A.A. Laporte Payne October 1914
October 2, 1914
“We have actually been paid, 15 shillings each, a ten shilling note and a five shilling postal order. What a lot of work, drill, and being messed about, for those few shillings. It is drill all day long with long route marches thrown in, and it gets rather boring, for we have no arms or uniform yet.
War Office, Whitehall, S.W.
I am sorry you could not find a vacancy in either Middlesex Battalion, but we did our best.
I am sure you were wise to accept a Gunner Commission. You will pick up the riding part of it very soon, and you will make a first class artilleryman. In a few months, in fact, you will despise all footsloggers!
If you find later you don’t care for the work, you can work a transfer to the Line through your Divisional General.
I think you may get to the front just as soon with R.F.A., and you were wise to accept the offer of a temporary commission. Our casualties in the artillery are very heavy.
The main thing is to get to work as soon as possible.
The rest a Greek quote.
112/ARTILLERY/1993. (A.G.6) War Office
10th October 1914
I am directed to inform you, that, on appointment to a temporary Second Lieutenancy in the Royal Field Artillery you have been posted to the 18th Divisional Artillery and should apply in writing at once, to the General Officer Commanding 18th Division Colchester for instructions regarding the unit and the station you are to join.
You should at once communicate your address to your regimental agents, Messrs Cox & Co., 16, Charing Cross, S.W., and keep them informed of any change of address, so that orders may readily be communicated to you.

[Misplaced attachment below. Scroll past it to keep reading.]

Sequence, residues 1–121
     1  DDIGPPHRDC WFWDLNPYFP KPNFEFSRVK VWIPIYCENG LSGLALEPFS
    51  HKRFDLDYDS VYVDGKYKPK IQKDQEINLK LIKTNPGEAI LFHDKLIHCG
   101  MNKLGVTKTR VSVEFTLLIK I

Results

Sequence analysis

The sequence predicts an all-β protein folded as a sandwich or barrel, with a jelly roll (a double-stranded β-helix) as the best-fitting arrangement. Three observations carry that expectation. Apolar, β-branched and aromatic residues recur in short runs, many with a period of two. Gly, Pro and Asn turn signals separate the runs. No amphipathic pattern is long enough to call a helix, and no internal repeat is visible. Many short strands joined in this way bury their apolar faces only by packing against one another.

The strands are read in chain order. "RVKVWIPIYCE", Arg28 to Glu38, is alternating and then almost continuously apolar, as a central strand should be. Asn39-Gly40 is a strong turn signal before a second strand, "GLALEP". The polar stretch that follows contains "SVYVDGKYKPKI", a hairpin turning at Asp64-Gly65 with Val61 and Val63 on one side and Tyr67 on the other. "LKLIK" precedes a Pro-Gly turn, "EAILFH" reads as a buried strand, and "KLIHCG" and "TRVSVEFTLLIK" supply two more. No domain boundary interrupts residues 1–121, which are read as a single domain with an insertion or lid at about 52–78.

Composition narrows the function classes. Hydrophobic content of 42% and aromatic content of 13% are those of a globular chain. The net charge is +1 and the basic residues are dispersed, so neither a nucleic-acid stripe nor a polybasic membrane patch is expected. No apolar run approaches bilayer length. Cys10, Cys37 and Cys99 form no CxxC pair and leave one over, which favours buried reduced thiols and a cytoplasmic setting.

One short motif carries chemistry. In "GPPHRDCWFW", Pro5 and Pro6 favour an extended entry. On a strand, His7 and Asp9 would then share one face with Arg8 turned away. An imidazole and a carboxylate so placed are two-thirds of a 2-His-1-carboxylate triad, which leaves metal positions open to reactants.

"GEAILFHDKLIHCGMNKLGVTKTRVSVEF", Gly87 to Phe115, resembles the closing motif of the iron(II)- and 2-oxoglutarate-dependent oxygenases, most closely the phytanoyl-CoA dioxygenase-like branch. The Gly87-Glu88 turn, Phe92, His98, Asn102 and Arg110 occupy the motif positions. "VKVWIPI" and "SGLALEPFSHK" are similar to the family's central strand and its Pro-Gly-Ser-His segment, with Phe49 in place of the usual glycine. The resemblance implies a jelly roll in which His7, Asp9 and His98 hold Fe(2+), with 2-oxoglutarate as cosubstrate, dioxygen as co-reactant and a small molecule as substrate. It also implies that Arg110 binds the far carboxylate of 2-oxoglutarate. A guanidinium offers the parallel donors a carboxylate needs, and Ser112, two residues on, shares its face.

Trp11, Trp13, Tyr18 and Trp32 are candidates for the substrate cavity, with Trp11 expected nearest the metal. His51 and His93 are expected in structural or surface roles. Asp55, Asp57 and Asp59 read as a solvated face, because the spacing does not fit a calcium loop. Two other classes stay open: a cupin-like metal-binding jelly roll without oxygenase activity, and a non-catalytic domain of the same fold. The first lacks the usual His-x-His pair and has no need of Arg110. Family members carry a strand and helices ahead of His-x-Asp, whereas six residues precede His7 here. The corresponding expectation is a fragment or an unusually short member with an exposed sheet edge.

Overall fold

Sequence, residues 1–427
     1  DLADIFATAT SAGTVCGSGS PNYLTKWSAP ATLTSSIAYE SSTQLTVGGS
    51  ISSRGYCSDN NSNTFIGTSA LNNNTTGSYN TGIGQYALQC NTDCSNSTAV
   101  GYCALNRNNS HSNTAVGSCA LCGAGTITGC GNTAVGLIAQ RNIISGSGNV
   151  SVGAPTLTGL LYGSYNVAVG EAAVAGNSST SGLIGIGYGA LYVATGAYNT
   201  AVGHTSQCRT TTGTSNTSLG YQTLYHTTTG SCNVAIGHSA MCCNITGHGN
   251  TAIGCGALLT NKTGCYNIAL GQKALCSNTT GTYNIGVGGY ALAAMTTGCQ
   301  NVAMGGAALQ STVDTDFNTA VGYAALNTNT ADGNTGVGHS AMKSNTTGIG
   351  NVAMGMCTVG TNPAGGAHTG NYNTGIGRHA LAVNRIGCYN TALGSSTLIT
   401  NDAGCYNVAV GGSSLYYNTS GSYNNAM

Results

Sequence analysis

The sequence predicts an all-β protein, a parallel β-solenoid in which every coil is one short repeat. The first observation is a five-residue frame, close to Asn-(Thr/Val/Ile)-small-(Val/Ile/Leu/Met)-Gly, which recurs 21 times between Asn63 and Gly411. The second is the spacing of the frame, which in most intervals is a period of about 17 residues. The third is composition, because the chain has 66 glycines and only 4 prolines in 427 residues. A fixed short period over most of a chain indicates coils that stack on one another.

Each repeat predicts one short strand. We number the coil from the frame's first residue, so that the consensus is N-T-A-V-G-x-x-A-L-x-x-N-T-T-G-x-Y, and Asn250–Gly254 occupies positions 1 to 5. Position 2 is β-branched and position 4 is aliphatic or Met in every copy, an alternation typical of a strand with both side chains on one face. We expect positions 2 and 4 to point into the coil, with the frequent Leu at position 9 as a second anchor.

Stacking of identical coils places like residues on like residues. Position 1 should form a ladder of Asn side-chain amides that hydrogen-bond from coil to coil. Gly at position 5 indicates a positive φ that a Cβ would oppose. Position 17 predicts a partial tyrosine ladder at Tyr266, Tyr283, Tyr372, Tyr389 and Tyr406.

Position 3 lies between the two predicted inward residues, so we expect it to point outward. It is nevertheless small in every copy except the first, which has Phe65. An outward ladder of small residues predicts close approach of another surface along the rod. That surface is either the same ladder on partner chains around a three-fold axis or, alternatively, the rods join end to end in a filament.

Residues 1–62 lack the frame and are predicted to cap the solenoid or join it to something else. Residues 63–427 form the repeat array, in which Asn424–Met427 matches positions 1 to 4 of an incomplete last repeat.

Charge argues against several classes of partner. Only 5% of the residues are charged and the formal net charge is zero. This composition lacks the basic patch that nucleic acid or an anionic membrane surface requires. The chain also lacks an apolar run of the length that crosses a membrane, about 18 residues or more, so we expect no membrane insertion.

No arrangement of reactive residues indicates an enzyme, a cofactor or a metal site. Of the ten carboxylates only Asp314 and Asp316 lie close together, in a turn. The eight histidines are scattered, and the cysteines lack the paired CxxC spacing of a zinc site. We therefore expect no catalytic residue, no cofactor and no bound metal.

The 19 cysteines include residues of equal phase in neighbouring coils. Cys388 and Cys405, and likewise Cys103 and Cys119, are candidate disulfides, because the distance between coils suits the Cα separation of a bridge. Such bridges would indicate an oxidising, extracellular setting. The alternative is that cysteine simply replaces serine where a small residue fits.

You are requested to acknowledge the receipt of this letter and to return the attached “NEXT OF KIN” form completed, to the War Office.
Your obedient Servant.
for Major General,
director of Personal Services.
2nd Lieutenant A.A. Laporte Payne
Royal Field Artillery
I think for various reasons you should join the Infantry; that you’re your first posting, and the second posting was evidently made in error. Also, there is the question of finance; although for the period of the war I don’t think one Arm will be more expensive than another.
My own tailors are John Morgan, 5, Albemarle Street; they are good but expensive. I have also had things made by J and G Ross, 32, Old Bond Street, who are less extortionate and have done me well.
From, O.C. ROYAL ARTILLERY
October 13 1914
Ref. your letter dated 12th October 1914.
Will you please join as soon as possible at Colchester.
The uniform necessary for you to have on joining is:-
1 Suit Service Dress,
Boots and spurs,
Sam Browne belt if possible.
A/Bde. Major, R.A. 18th Division.
FIELD KITS OF MOUNTED SERVICES.
- WORN BY THE OFFICER.
Boots, field pair 1.
Braces “ 1.
Cap, service dress, with badge 1.
Disc, identity, with cord.
Socks pair 1.
Suit, service dress (jacket and riding breeches)
Shirt, drab flannel, with collar 1.
Spurs pair 1.
Tie, drab 1.
- OTHER PERSONAL EFFECTS.
Books Army Book 155 Field service pocket book.
Cap, comforter (in pocket of greatcoat)
Compass, magnetic, pocket (or prismatic in case)
Cutters, wire (in wallets.) pair
Dressing, field (in skirt of jacket)
Glasses (binoculars or telescope, or both in one case)
Slung from left shoulder or worn on belt
Grease (or Vaseline) in wallets tin 1.
Greatcoat 1. Rolled, 26 ins long behind saddle.
Holdall (in wallets), containing knife, fork and spoon hairbrush and combe, toothbrush, shaving brush and razor.
Knife, clasp, with ring and swivel 1
Matches, box 1.
Soap (in wallets) piece 1.
Socks pair 1.
Watch (in wrist strap)
Whistle and lanyard.
Belt “Sam Browne” (waist belt, 2 shoulder belts, ammunition pouch and pistol case and sword frog.)
Water-bottle (aluminium) and sling.
Pistol (no special pattern, but must carry Government ammunition.) On left side of S.B. belt.
Sword. On nearshoe case, edge to rear.
Cartridges, S.A. ball, pistol, Webley, rounds 12.
CARRIED IN TRANSPORT TRAIN.
The total weights (excluding articles in camp kettles) of 50 lbs. for a commanding officer and 35 lbs. for other officers must not be exceeded.
Lantern, collapsible with talc sides.
Portfolio with writing materials
Suit, service dress
Shirt, drab, flannel.
One Camp Kettle is allowed for every three officers who pack into it each, cup, enamelled plates, enamelled, pots, pepper, salt.
Note. Officers may leave at the base a bullock trunk packed with 100 lbs of personal baggage. This reserve baggage will be forwarded only when it may be deemed convenient to the service by the Commander In Chief.